Shooting Threat Suspect — Who Called Himself A Joker — Released To Parents
UPPER MARLBORO, Md. (WJZ) –Back home. A Maryland man accused of threatening a workplace shooting is free from a mental hospital.
Adam May has the latest twist in this case.
Prosecutors say they lack legal means to keep him in custody. Friends say this so-called joker is misunderstood.
Neil Prescott is now home with family in Parkton, Baltimore County, after being held in a psychiatric facility for almost three weeks.
Last month police say he threatened to kill his co-workers. In his apartment they found almost two dozen guns and loads of ammo.
Prescott answered his door in a T-shirt that said, “Guns don’t kill people. I do.”
“I believe when people like Mr. Prescott threaten violence in this day and age, he should be facing felony charges, not just misdemeanor charges,” said Angela Alsobrooks, Prince George’s State’s Attorney.
Prosecutors are upset state law limits them to minor charges of misusing telephone equipment.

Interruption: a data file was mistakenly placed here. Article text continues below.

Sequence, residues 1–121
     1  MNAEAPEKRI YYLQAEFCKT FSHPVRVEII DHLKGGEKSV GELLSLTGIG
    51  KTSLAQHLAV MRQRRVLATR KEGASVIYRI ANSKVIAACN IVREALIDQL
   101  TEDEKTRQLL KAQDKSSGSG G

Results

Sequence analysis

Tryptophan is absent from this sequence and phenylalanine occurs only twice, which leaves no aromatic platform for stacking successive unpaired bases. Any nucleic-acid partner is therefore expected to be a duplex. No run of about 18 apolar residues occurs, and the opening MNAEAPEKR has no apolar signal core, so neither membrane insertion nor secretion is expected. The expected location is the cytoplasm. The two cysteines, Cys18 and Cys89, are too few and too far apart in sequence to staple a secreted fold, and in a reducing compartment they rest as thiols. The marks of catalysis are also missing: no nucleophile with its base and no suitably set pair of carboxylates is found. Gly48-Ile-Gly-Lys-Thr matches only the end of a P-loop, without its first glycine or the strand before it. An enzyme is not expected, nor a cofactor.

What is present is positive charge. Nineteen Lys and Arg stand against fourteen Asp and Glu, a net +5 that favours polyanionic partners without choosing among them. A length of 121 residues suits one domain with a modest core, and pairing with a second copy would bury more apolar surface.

“When you hear the headlines, you need to reserve judgment,” said Andy Levy, criminal defense attorney.
Levy says the case opens a debate on prosecuting the mentally ill.
“We had an individual who for whatever reason, mentally unstable, and was saying things that had people concerned, but it’s not clear he was a genuine threat to public safety,” Levy said.
Prescott’s threats came just days after the Batman movie massacre in Colorado.
And although police say he told his boss he was the “joker,” friends exclusively describe Prescott to WJZ as quiet and harmless.
“I grow concerned people are reaching to harsh terms to describe Neil, such as terrorist,” a friend said.”If anything he was a gentle giant or iron teddy bear.”
But police stand by their initial concerns.
“We believe that a tragedy was averted,” Alsobrooks said. “I absolutely believe these charges are insufficient for the threat Mr. Prescott made.”
No one answered the door at Prescott’s family home in northern Baltimore County. His attorney has declined comment.
Police and prosecutors plan to lobby for tougher state laws against threatening workplace violence.